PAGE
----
Primary care recruitment and retention strategy for Ontario

August 29, 2016

Evidence from around the world, and Ontario, demonstrates that the introduction of primary care teams is providing patients with better care, at the best value. But one of interprofessional primary care’s biggest barriers is to attract and keep skilled providers. The key issue? Inability to offer competitive compensation to the non-physician health professionals and administrative staff who work in our community health centres, family health teams, nurse practitioner-led clinics and aboriginal health access centres. Funding for these positions has not changed in well over 7 years.

Minister Hoskins commits $85 million over three years to interprofessional primary care

“To ensure these clinics (CHCs, NPLCs, FHTs, AHACs and nursing stations) can effectively recruit and retain qualified interprofessional staff in primary care settings, Ontario will invest an additional $85 million over three years.”  - 2016 Ontario Budget.

Effective April 1, 2016, this investment will certainly help CHCs, FHTs, NPLCs and AHACs retain staff so as to better serve their patients and communities. We are pleased to have this financial commitment in place and look forward to working quickly through the implementation details; however, the AFHTO-AOHC-NPAO proposal as summarised below remains our goal.

Compensation Structure for Ontario’s Interprofessional Primary Care Organizations

In June 2013, the three associations that jointly represent all interprofessional primary care organizations in Ontario – the Association of Family Health Teams of Ontario (AFHTO), the Association of Ontario Health Centres (AOHC) and the Nurse Practitioners Association of Ontario (NPAO) – released their joint report to the Ministry of Health and Long-Term Care. It presented indisputable evidence that:

  • Compensation levels in primary care are below market – averaging 15.6% for all non-physician positions, and ranging up to 30% below market.
  • The gap between market and actual compensation is growing – it has increased by an average of 4.9% from 2009 to 2012.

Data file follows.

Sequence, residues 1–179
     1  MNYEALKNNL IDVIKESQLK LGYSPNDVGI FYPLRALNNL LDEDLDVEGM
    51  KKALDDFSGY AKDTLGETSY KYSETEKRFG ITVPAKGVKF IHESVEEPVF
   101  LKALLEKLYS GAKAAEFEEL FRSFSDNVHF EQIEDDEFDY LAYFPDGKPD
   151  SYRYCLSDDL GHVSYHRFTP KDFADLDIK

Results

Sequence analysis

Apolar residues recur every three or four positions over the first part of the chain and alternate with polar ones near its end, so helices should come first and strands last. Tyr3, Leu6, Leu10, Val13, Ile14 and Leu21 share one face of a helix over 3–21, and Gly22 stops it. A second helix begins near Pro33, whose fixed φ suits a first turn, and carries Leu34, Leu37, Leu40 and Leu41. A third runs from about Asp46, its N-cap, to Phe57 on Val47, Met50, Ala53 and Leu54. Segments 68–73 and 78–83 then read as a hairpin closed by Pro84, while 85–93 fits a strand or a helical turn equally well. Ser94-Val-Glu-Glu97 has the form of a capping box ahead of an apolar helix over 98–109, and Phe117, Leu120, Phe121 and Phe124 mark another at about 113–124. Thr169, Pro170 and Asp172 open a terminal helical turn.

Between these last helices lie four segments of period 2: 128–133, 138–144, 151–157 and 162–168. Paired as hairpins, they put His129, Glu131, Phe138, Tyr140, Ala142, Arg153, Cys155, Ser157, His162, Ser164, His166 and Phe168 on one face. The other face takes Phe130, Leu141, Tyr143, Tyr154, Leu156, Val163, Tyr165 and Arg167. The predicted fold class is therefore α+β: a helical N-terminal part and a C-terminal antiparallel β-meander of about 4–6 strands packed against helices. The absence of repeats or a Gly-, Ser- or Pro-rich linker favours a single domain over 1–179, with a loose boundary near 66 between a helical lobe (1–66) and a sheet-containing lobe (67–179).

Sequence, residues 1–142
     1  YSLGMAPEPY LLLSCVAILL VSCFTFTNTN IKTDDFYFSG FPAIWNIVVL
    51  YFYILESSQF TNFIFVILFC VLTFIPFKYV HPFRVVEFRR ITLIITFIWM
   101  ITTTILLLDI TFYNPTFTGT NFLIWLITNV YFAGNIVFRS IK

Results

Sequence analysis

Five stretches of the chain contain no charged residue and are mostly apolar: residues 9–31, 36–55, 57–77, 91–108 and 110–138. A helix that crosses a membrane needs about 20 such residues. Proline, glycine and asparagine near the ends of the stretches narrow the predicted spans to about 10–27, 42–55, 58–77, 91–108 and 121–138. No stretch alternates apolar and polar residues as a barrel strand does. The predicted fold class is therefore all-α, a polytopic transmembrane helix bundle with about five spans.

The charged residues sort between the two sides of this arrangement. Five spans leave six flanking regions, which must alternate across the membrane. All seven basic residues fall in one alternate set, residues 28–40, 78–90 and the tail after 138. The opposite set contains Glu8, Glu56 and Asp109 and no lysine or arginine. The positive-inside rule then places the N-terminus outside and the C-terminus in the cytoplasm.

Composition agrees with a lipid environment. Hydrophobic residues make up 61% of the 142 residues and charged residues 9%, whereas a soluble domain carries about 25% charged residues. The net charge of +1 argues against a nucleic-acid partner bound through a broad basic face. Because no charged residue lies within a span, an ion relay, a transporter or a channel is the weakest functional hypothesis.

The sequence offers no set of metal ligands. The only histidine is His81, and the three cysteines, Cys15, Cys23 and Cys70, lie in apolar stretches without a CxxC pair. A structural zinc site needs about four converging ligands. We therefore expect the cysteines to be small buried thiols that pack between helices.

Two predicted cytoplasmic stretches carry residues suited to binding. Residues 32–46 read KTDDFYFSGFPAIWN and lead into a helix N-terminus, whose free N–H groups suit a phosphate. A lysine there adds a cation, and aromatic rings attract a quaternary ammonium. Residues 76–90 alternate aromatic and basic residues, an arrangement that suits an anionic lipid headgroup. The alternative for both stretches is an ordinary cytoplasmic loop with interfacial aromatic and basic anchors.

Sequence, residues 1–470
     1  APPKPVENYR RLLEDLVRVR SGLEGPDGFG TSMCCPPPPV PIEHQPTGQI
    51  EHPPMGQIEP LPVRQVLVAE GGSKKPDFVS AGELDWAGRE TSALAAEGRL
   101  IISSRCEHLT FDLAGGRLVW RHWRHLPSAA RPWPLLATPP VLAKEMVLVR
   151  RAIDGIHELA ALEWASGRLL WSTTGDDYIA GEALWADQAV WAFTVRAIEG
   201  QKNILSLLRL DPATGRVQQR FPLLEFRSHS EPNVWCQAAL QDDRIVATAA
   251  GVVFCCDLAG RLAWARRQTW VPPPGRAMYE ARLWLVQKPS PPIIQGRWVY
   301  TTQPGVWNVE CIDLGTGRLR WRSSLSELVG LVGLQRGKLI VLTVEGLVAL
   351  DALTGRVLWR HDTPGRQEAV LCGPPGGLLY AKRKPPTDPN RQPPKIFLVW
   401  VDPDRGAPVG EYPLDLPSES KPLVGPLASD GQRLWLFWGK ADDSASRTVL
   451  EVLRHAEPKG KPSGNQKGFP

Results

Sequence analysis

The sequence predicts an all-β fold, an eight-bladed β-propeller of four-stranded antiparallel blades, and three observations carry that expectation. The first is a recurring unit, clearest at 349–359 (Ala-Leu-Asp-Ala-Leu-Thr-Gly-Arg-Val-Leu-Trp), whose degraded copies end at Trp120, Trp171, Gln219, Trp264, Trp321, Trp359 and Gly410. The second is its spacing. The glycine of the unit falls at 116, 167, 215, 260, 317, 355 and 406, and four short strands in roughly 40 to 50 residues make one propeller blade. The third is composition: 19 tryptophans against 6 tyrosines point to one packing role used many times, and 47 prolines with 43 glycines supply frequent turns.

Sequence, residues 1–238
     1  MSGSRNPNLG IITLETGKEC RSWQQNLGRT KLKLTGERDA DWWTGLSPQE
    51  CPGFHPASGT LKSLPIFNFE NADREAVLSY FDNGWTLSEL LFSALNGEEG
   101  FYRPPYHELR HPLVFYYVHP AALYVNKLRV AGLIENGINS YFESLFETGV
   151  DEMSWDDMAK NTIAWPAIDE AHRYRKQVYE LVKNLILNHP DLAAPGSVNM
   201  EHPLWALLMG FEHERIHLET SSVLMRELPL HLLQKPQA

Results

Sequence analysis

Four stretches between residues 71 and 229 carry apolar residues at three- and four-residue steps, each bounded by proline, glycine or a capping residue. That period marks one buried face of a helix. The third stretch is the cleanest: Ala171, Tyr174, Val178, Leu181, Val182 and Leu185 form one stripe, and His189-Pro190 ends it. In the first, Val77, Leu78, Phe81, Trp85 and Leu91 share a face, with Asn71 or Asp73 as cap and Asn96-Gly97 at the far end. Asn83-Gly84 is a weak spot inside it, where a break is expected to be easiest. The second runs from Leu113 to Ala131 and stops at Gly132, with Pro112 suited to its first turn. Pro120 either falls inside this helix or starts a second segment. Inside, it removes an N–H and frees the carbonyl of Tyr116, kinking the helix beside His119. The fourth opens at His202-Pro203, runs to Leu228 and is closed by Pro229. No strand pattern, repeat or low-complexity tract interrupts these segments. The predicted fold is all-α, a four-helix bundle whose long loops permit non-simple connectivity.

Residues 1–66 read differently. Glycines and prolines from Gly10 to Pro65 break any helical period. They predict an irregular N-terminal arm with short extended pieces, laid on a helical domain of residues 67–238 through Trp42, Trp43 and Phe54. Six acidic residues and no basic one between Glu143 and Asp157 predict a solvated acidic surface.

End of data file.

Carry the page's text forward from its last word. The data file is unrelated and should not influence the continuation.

• Lack of pensions is a key barrier to labour mobility – primary care organizations cannot provide both the HOOPP plan and a reasonable benefits package within the imposed financial limit of 20% of salary.
  • Pay equity challenges are a real risk – two types of positions (registered dietitians and nurse practitioners) have been consistently found to be funded at a salary grade below that of comparable health professions. These positions also post the highest vacancy rates in primary care – 19% and 14% respectively. Health promoters were also found to be in the wrong band.

Rigorous market study conducted by the Hay Group established a recommended salary structure. It placed all positions into 13 pay bands, with 3 market exceptions. Each band has a recommended salary range and steps for proceeding from minimum to maximum within the range. Full implementation across all of the interprofessional primary care organizations would require a funding increase estimated at just over $120 million. Recognizing the need to phase in such an increase, the three associations recommended:

  • An immediate increase of 2.5% in benefits funding to enable all to participate in HOOPP;
  • Funding that would place all professions in their appropriate salary band; and
  • Funding to reduce the gap between the current and recommended salary rates in steps over four years.

We continue to advocate to achieve the 2012 recommended salary rates for all staff (IHP and admin) in primary care teams, to be implemented over 4 years. The Ministry recognizes this $85 million commitment is the first step in a process and is committed to working with us to achieve our overall goal. Two years from now, the opportunity for further increases is likely to open up. The Government is committed to eliminating the deficit by the end of 2017-18 and some of the compensation constraints may be lifted for the following fiscal year. This will provide opportunities to address the remaining gaps.

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